Reader Response on "Things Fall Apart" and "Apocalypse Now": Faces of Colonialism
What I Sense
I have heard and read some of the tales pass on to us by our ancestors that concern the sorrowful and melancholic plight that they had experienced in the playful hands of the colonizers. These ancestors cannot necessarily be all the brave Filipino race. They are more than it. They are everywhere: in Africa, in the Americas and in the neighboring Asian sovereigns. So long as histories cry that these people were once colonized, mutilated and tampered by the whites just like the Filipino race, then we are one. The first people who fought for their freedom have the same race. They have the same blood of heroism and patriotism that binds them together as one. We, in the present times are descendants of the same brave and freedom- loving ancestors.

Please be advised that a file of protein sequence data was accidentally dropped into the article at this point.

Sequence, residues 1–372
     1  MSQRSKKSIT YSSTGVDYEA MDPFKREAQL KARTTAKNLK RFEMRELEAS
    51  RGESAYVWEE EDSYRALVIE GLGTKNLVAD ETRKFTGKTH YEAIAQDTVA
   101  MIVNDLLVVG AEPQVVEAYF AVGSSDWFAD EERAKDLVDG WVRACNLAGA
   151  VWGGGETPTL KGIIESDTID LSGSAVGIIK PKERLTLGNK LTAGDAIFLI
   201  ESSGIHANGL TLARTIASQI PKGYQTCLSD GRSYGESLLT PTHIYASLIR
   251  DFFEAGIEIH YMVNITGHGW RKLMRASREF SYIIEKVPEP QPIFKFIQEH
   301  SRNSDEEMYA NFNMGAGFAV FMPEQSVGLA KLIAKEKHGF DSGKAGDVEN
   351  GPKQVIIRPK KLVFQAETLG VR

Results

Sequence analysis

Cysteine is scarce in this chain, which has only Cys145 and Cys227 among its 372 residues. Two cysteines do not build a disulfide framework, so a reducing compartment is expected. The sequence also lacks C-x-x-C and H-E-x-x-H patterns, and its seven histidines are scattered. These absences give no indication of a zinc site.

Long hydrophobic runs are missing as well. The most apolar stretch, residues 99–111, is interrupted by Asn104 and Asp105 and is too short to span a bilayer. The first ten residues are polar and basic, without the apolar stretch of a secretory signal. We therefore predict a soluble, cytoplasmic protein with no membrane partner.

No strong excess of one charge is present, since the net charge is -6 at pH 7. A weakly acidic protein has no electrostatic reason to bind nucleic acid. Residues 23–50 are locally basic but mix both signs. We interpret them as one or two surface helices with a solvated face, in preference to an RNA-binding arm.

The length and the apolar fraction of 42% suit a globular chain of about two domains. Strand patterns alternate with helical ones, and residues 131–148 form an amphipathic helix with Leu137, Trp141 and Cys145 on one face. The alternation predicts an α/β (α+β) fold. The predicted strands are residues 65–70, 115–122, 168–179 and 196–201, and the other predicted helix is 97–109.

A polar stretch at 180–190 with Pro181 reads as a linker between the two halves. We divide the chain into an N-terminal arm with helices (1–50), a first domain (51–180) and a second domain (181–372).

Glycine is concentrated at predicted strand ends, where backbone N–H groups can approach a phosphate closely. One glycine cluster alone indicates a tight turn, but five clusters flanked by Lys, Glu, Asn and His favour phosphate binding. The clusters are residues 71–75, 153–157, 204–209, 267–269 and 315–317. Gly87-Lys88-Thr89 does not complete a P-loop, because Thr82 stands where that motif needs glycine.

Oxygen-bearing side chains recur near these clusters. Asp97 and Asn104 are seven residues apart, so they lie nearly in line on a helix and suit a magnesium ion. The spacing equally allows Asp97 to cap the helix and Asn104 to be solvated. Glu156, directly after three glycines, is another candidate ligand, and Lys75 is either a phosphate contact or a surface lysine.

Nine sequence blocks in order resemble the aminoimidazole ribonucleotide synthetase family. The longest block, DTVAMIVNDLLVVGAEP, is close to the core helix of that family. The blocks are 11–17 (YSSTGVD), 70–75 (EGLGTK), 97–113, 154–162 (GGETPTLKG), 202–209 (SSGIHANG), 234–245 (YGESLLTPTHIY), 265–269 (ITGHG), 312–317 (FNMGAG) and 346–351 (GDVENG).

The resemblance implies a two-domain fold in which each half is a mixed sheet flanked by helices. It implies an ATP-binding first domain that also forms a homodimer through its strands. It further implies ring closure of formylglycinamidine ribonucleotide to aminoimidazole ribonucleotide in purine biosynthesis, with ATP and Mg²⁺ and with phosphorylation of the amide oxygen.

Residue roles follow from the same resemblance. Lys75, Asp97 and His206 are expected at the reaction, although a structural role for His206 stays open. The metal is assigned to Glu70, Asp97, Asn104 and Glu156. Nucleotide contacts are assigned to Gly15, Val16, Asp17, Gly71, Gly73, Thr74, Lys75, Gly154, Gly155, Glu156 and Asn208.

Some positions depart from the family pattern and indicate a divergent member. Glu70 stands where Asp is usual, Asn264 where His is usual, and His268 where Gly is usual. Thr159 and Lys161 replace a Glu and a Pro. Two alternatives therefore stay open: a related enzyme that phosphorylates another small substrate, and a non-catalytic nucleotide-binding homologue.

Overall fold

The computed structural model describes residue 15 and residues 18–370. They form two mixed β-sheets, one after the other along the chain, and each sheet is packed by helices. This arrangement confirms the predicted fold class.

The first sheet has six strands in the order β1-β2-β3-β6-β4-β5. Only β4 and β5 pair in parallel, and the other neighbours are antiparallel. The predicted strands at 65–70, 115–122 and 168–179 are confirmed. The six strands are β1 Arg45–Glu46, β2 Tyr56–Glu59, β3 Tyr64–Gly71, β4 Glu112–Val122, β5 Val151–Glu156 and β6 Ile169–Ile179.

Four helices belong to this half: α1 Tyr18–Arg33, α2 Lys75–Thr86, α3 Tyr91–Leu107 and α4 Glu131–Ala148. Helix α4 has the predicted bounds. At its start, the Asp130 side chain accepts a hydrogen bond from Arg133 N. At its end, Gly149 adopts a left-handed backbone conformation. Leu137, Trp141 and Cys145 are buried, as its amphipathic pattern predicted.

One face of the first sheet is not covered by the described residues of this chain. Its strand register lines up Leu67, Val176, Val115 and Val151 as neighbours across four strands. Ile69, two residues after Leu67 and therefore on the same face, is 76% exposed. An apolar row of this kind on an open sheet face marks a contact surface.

I have seen the horror of the aftermaths of colonialism. I have seen my country continue to suffer even in the midst of its democracy. At this age, I know how terrible it is to be colonized and be abused by these people who think highly of their selves as if they are of the higher culture and race, that they were sent to the places of the “savages” to civilize and make them humans. This can’t be denied because the accounts of history and literature don’t lie.
Apocalypse Now and Things Fall Apart
I was able to visit two of the most renowned and ageless pieces of arts: one is a film narrated by a representative of the white people entitled Apocalypse Now and the other is a novel scribbled by a representative of the oppressed people entitled Things Fall Apart. Although Apocalypse Now and Things Fall Apart were set in two very different time and location, they never fail to complement their sameness: the desire to expose the different faces of colonialism and the faces of the drastic changes that the colonized had because of them in terms of loyalty, values, culture and religion.
Storytelling versus Action